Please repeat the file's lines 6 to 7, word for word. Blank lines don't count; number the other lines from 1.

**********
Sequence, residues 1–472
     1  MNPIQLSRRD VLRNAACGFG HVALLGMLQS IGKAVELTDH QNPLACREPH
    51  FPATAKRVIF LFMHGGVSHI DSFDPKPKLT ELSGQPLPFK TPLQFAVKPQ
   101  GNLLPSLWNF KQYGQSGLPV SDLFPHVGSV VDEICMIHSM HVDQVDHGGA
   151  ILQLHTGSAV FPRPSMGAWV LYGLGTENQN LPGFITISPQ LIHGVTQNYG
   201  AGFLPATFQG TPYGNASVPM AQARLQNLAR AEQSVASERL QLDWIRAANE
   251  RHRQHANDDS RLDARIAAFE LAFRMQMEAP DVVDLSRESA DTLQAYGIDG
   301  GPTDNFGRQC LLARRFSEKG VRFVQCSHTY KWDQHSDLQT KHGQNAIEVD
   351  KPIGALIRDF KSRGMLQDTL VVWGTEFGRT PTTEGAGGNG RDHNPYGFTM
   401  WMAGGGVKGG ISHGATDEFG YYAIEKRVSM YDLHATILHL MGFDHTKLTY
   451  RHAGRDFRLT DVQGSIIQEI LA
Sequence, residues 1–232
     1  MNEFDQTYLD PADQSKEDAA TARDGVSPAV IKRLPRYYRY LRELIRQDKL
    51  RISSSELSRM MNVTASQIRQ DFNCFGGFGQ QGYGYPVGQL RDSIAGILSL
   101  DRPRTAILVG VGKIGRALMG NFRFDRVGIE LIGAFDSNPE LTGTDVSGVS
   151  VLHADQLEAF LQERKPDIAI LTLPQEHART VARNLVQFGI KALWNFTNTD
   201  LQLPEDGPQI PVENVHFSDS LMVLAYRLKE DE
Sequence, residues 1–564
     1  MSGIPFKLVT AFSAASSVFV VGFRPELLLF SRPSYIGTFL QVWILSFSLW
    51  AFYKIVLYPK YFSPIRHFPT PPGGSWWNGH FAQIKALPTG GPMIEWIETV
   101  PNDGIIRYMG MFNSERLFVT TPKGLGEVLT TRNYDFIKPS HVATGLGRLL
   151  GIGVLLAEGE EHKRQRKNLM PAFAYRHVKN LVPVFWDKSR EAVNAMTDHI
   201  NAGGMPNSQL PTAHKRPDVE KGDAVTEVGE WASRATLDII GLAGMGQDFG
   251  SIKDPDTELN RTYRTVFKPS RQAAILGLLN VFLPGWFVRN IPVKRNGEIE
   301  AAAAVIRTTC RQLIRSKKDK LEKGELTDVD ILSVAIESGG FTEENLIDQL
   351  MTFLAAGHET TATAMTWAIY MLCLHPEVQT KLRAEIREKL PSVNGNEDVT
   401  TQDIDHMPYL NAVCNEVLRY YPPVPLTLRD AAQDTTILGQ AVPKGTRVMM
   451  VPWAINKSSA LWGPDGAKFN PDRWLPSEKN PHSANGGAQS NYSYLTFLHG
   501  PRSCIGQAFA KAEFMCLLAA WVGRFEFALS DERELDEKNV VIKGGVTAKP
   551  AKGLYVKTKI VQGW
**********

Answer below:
   201  AGFLPATFQG TPYGNASVPM AQARLQNLAR AEQSVASERL QLDWIRAANE
   251  RHRQHANDDS RLDARIAAFE LAFRMQMEAP DVVDLSRESA DTLQAYGIDG